Local body elections
Where can I find information about local body elections?
Entry last updated: 26/05/22
Local body elections are held every 3 years on the second Saturday in October. This is when people in New Zealand get to choose people for their local council, regional council, district health board and a few other important organisations in their local area.
Local government in New Zealand
These websites have information about the history of local government, types of councils, and the rolls of mayors and council members.
Te Ara is an excellent starting point for all questions about New Zealand Aotearoa. If we scroll down to the bottom of the page we can see that the website belongs to the Ministry for Culture & Heritage, so the information is well-researched and reliable.
- Go to the section on Government and Nation.
- The link Institutions of Government will take you to the history of Local and regional governmentin New Zealand.
- The link on Political participation will take you to Elections and campaigns about elections, election day and voter participation.
Tips: We like sites like this because they’re reliable. You can tell because of their web address – they have either .govt or .ac, meaning they are from government or educational organisations. They’re also New Zealand sites, so relevant for us.
This site covers general information about local government and helps us understand more about regional, district and city councils in Aotearoa, New Zealand.
- Try the tab About Local Government to understand how local government affects you daily, how decisions are made and how councils raise money.
- On the same page select 'How Councils Work' then Councillors and Mayors to read about their rolls and responsibilities.
- The tab Council Profiles will lead you to information about different councils around the country, for example:
- Christchurch City Council — who is the Mayor, and some statistics about its community and finance.
Tips: We like sites that are from government or other reputable organisations, because we can trust the information. You can sometimes tell these sites by their web address – they might have .govt or .edu in their address – or by looking at their About usor Contact pages.
Elections and voting
These government websites cover local body elections, why these elections are held, and important information for voters and candidates standing for elections.
This official website of local bodies of New Zealand has all the information you need to understand local bodies, their work and how members get elected.
- Select the tab NZ's Local Government and go to 'Local Elections'.
- Each of the tabs will lead you to related information.
Tips: Websites that have .com or .co in the address can have good information, but you need to assess how reliable it is. Check the About us link on this website. This can tell you what the company’s mission and values are.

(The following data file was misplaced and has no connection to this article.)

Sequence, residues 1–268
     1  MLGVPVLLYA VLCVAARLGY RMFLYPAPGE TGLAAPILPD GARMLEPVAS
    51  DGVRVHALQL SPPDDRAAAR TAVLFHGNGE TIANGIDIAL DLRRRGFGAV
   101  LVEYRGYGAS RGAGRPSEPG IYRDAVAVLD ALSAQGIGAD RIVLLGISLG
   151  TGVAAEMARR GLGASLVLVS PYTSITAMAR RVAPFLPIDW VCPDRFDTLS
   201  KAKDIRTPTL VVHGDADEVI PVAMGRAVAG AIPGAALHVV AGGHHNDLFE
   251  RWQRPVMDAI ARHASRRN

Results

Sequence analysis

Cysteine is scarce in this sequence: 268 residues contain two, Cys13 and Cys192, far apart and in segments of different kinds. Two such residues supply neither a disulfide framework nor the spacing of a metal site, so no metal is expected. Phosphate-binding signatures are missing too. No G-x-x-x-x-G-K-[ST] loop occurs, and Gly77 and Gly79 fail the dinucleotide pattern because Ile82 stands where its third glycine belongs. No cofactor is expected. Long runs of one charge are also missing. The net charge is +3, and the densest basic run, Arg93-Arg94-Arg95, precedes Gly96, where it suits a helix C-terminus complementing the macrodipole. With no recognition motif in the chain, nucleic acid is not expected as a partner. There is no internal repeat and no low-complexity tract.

Vote NZ belongs to the New Zealand Electoral Commission who conduct voting for general elections, local elections and elections on referendum ( meaning a vote on a question started by a citizen or the government).
- Go to Elections & more to select 2019 local elections.
- This page has information for voters on how to enroll, voting packs, key dates, and how to vote if you are overseas.
- On the left hand side you will find links to view this information in New Zealand Sign Language, Māori, Chinese, Pacific Languages and other languages spoken in New Zealand.
Tips: Some websites have .au, .nz, .uk or other codes in their url. This can tell you which country this website comes from eg .au is from Australia or .nz is from New Zealand. You can check the ‘About Us’ link on the website for more information.
This is another website of New Zealand Electoral Commission. It has important facts on democracy in New Zealand, different types of elections, and rules for campaigning, candidates and political parties.
- The tab called Elections in New Zealand has a link to What are local elections.
- The 'plus signs' will take you to why local body elections are held and important election information for voters.
Tips: Many web pages have links to further information or to other recommended sites. Following these links is a great way to find out more. This searching method is called “pearl growing” because you are picking up pieces of sand to make a beautiful pearl!
Check with your local public library or school library to see what they have on local body elections.
Here are some titles we recommend:
- Running the country: a look inside New Zealand's government by Maria Gill.
- A DecisionMaker 2004 guide to local government in New Zealand = He aratohu mō te Kawanatanga-ā-rohe by Anthony Haas ...
- Does my vote count? A book about citizenship by Sandy Donovan
- The city council by Terri DeGezelle.
SCIS no: 1945303